The New York-based company reported that its sales this month were up 400 percent compared with December 1998. Alloy said that orders reached $600,000 a day this month on its peak days.
Alloy's stock jumped on the news, rising 2.94, or 24.48 percent, to 14.94.
Matt Diamond, Alloy's chief executive, attributed the company's growth in sales to its recent marketing efforts. Alloy did a "major" television campaign this fall and has struck marketing deals with Yahoo and Excite, Diamond said.
"We've had a tremendous Christmas," he said. "We had great back-to-school momentum that spilled over into our Christmas season."
Alloy's rise in sales reflects the growth of the teen market online, a consumer industry worth an estimated $141 billion last year. Many youth-focused companies such as Alloy have tapped into this market by offering content and services to draw kids online and eventually get them to shop.
Alloy's most popular products this holiday season included Mudd jeans, inflatable chairs and string lights. Alloy focuses on popular, high-margin items, Diamond said, noting that the company has 50 percent profit margins.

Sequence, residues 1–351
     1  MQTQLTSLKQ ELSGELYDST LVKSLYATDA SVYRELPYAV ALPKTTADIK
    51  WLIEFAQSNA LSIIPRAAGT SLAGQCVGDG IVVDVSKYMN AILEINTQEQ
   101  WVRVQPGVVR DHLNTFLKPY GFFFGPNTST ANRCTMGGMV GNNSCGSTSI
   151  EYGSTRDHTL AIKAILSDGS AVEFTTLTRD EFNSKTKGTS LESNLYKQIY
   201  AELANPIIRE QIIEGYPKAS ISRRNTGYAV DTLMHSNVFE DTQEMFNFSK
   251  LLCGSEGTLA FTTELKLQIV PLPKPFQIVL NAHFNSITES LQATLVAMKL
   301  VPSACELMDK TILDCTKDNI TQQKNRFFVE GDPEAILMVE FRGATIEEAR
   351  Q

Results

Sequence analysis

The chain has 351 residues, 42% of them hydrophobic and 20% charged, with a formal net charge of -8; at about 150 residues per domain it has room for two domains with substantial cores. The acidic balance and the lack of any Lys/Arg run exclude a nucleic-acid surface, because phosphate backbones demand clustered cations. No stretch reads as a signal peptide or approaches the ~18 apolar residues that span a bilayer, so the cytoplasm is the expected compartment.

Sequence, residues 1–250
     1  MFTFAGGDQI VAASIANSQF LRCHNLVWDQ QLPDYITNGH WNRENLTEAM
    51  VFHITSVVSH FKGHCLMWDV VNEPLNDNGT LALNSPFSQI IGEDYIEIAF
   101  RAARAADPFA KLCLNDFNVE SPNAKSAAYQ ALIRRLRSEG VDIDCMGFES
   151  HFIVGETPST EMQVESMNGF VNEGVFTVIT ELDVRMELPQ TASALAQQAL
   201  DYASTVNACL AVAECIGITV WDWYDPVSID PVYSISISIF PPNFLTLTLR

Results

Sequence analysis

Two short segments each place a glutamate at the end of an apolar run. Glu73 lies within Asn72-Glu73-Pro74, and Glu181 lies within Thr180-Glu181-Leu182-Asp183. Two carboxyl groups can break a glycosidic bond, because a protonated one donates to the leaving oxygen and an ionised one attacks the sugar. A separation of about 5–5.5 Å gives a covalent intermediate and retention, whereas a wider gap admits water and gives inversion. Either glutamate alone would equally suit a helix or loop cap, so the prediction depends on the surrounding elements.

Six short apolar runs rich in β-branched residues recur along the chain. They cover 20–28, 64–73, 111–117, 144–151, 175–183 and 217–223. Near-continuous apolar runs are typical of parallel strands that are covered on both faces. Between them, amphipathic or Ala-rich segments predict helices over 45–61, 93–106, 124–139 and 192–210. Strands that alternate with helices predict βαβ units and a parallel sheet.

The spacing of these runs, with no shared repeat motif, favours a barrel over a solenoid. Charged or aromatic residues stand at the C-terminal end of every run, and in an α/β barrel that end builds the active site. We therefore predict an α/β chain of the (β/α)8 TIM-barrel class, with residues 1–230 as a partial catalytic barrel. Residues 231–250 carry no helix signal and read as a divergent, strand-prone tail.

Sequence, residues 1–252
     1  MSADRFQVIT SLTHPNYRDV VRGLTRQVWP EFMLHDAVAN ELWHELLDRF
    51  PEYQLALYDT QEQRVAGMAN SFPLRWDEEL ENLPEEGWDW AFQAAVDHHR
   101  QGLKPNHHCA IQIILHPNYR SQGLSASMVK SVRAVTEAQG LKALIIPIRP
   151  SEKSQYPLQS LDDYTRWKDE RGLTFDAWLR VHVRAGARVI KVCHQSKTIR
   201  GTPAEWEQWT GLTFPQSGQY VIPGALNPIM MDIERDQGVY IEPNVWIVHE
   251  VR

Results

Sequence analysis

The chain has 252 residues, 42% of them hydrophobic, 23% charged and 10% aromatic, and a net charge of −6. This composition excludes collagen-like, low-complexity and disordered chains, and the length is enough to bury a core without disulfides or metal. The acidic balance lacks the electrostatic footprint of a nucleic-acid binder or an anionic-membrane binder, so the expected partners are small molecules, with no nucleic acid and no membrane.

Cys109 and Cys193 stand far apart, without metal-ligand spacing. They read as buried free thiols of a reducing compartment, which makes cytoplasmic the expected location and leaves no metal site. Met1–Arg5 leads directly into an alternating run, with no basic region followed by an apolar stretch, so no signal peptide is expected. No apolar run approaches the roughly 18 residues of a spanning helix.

Alloy lost $1.9 million on $1.8 million in sales for the year ended Jan. 31, 1998, and lost $6.4 million on $10.2 million in sales for the year ended Jan. 31, 1999. Diamond said the company is poised to reach the $30 million in sales that analysts expect the company to make this year.
For the nine months ended Oct. 31, Alloy had lost $11.3 million on $14.6 million in sales.
After selling its shares at $15 in its May public offering and seeing them close at $20 on its first day of trading, Alloy's stock has fallen along with many other Net stocks. Although it has risen in recent months, it bottomed out at 8.75 on Aug. 9.